Occasionally, a facility manager may desire to either view the various system parameters or measurements or even redefine one or more parameters. For example, the facility manager may desire to reduce the ambient day-time temperature in the facility from 72 degrees Fahrenheit to 70 degrees Fahrenheit. In such cases, the manager may enter the request to the management node 36 via the user interface. The management node 36 then generates the appropriate SNMP message and provides the SNMP message over the network 34 to the control system agent 30. The SNMP message corresponding to setting the desired day-time ambient temperature to 70 degrees Fahrenheit is defined by the standard MIB definitions.
The control system agent 30 then employs the MIB 32 to correlate the incoming standardized data structures and variables to their proprietary counterparts utilized internally by the control system 20. For example, if the SNMP message included a request to change the ambient day temperature to 70 degrees, then the agent 30 assigns an appropriate value to the variable or variables used by the control system software to control the daytime ambient temperature.
According to the present invention, the user interface software in the management node 36 does not require the capability to access or read the proprietary control system variables or data structures in order to read or alter system parameters, or even to simply read measured data. The management node 36 instead provides an SNMP command using standard or generic MIB definitions for the desired managed object. The MIB 32 receives the standard or generic definition through the agent 30, and then communicates with the control system 20. Because of this configuration, the user interface at the management node 36 may be devised by a party with little or no knowledge of the proprietary software, data structures and variable definitions of control system 20 or FEC devices 21, 22, 23, 24, 25, 26 or 27. As a result, the facility manager may design the user interface to suit his or her needs, and even integrate the user interface with other systems in the facility.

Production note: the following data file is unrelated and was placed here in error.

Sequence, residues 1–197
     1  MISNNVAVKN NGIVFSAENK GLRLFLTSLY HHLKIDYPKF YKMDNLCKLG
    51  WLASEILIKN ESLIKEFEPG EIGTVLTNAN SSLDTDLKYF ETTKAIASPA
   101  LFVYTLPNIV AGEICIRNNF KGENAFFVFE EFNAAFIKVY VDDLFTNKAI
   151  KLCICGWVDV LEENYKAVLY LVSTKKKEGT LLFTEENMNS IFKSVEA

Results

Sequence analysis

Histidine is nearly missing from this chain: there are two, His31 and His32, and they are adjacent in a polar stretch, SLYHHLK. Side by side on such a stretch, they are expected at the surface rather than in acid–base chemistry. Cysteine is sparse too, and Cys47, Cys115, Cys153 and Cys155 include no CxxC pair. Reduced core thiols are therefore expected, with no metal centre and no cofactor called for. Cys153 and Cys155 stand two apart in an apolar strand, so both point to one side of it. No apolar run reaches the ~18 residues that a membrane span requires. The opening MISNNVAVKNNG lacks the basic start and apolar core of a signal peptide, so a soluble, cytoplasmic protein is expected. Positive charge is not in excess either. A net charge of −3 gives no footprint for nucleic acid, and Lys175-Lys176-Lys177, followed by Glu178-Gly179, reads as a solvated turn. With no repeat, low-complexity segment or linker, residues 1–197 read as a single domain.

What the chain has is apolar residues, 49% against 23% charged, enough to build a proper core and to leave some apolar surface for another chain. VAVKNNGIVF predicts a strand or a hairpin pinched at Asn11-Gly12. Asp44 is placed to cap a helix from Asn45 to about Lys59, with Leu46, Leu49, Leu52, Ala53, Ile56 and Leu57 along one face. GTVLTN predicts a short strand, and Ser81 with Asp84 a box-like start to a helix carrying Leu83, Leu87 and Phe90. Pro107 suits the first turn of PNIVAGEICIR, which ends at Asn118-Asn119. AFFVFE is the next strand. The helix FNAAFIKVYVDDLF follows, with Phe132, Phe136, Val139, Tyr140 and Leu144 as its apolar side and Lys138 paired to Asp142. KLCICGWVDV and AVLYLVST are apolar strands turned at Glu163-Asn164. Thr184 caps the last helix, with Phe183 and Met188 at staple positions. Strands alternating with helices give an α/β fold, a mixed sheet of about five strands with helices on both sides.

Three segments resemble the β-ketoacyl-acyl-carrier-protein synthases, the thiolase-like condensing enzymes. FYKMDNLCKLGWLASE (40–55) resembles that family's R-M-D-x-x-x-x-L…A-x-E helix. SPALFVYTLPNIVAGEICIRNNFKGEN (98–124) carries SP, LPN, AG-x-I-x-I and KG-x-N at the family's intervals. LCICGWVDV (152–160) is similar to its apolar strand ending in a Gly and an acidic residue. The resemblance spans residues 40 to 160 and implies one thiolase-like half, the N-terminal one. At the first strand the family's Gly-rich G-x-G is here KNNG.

FIG. 2 shows an exemplary flow diagram 40 of steps performed by the control system agent 30 upon receipt of a message from the management node 36. The flow diagram 40 contains high level steps or routines, the coding into software of which would be known to those of ordinary skill in the art. The flow diagram 40 is given by way of example only, and those of ordinary skill in the art will be able to devise other suitable programs.
In step 50, the agent receives a message over the network 34. As an initial matter, in step 51, the agent determines whether the message is in proper SNMP syntax. If so, then the agent proceeds to execute step 52. If not, then in step 53, the agent calls an error routine and provides an argument or value "0" which signifies the existence of a syntax error. The error routine may then execute subsequent steps to log the error and/or notify the management node 36 in accordance with SNMP procedures. In the alternative, if the system is devised to communicate using protocols other than SNMP, the agent in step 53 may pass control to another routine that uses another communications protocol.